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RI Coastal Resources Management Council preserve, protect, develop, and restore coastal resources for all Rhode Islanders

In accordance with notice to members of the Rhode Island Coastal Resources Management Council’s Shoreline Change Special Area Management Plan (Beach SAMP) subcommittee, a meeting of the subcommittee was held on Monday, October 19, 2015 at 4 p.m. at CRMC offices, Oliver Stedman Government Center, Tower Hill Road, Wakefield, R.I.

Members Present
Anne Maxwell Livingston, Chair
Paul Beaudette
Don Gomez
Michael Hudner

Staff Present
Grover Fugate, CRMC Executive Director
John Longo, Esq. CRMC Assistant Legal Counsel
James Boyd, CRMC

Others Present
Teresa Crean, URI CRC

Call to order. A. Livingston called the meeting to order at 4:05 p.m.

Item 1. Approval of previous meeting minutes– M. Hudner motions approval; seconded by D. Gomez and approved unanimously.

Item 2. Update on Beach SAMP activities – G. Fugate discussed future and potential funding sources in process with the subcommittee. T. Crean and G. Fugate then briefed the subcommittee on recent Beach SAMP presentations made, most recently one for the EC4, as well as municipal workshops/training with the Towns of Narragansett and Block Island (this coming Thursday), with others planned for all of the Washington County municipalities. The municipal workshops have been to walk town officials and others through STORMTOOLS and some other the other tools available, as well as some adaptation strategies. Some are easy, some difficult, but that’s part of the outreach campaign through HUD that CRC has to do for this grant, G. Fugate said. T. Crean told the subcommittee that having the group of state agencies at the training will serve as a resource for the towns, and at the Narragansett meeting, all of the town officials were present (and it was the day Hurricane Joaquin was coming up the coast). The agenda asks the municipality to share with us their experiences, she said. The group developed 100 strategies for adaptation, and we took out 10 to vet them through these towns, T. Crean said. In Narragansett, for example, she said, the town wanted to discuss adaptation strategies for Boston Neck Road, which is vulnerable to sea level rise, storm events and flooding. G. Fugate told the subcommittee that because of the CRMC’s permit activities, the Council is very aware of the decisions these towns have to make. But because of our connections with the universities and other institutions, we have expertise they don’t, he said. Municipalities don’t have the ability to assimilate this information, so it’s going to be an ongoing issue, he said. There’s a lot of turnover of town councils, and we’re even having difficulty with Statewide Planning, and it’s something we as a state need to overcome, G. Fugate said. Subcommittee members agreed turnover was an issue, as well as lack of funding and resources.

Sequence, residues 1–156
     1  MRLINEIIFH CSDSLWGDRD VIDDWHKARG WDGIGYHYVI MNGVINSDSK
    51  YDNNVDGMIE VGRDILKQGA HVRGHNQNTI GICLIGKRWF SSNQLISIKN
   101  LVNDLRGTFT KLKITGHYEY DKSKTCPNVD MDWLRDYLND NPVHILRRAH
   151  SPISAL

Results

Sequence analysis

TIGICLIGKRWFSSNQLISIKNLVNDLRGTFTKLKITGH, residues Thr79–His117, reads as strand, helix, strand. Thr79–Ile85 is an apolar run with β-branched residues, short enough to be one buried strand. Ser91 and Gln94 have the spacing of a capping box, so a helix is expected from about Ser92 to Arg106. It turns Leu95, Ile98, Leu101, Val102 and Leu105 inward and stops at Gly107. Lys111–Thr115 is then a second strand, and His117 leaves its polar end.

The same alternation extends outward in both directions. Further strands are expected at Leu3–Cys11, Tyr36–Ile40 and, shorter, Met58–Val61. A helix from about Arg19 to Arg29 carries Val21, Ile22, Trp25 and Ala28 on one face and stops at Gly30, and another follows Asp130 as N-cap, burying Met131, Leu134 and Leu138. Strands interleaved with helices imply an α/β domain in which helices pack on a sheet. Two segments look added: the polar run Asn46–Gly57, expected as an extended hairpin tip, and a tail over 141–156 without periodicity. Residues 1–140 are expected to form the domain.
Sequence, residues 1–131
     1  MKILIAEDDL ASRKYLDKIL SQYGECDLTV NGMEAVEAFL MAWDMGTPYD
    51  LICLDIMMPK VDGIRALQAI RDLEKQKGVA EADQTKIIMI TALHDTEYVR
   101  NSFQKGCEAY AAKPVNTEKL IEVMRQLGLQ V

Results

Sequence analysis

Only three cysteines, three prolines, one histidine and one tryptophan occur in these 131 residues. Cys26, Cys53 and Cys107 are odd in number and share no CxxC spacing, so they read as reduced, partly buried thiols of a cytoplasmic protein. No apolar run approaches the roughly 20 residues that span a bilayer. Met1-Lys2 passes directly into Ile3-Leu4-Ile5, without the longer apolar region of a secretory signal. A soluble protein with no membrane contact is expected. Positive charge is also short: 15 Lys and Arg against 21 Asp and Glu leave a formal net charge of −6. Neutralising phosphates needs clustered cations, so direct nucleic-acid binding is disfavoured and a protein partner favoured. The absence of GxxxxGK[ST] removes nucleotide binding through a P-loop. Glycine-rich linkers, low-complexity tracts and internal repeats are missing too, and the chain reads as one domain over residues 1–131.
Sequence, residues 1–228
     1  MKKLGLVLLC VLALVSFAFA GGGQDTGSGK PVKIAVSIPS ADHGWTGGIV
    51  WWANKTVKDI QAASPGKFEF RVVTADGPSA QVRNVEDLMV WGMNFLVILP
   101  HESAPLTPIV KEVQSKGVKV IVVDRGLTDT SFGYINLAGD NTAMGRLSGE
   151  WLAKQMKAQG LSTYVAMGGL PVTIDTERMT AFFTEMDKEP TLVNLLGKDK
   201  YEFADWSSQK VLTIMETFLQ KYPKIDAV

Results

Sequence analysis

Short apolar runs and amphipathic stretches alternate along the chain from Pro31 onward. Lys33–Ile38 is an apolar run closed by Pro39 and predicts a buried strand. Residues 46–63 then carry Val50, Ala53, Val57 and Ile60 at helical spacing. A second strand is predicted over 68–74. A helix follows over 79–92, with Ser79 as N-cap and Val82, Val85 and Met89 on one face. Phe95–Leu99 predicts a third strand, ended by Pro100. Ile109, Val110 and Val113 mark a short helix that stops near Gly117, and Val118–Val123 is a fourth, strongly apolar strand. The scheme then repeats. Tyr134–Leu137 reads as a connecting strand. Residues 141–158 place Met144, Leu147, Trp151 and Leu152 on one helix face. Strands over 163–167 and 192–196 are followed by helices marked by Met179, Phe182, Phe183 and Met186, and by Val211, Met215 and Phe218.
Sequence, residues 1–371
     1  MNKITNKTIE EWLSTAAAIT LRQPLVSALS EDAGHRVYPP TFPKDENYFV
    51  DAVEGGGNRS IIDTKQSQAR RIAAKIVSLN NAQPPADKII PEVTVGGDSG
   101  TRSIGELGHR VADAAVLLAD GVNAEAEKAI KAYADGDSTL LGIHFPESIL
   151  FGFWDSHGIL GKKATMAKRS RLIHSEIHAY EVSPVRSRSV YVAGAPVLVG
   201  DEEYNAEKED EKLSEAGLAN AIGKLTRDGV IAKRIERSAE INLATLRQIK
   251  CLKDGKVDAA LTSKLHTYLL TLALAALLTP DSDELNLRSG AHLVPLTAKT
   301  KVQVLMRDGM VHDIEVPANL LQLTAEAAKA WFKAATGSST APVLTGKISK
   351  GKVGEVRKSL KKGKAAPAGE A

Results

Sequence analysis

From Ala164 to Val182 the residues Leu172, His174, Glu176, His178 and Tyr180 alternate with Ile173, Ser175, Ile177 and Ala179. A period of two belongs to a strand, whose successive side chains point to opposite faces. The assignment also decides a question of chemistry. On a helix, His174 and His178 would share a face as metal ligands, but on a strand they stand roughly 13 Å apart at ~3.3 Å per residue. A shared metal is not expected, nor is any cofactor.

D. Gomez said that the film, “Shored Up” was great, and that a similar vehicle might be effective in educating a wide audience. M. Hudner said he agreed that everyone has a stake in this, and added that in his experience, complicated ideas that have their own language need someone to communicate them. G. Fugate said the problem is, it’s not happening tomorrow, so we’re trying to address the policy, but when people realize the magnitude of the’s usually too late. For example, our new estimates for sea level rise are at 7 feet, G. Fugate said. To many, it’s someone else’s problem.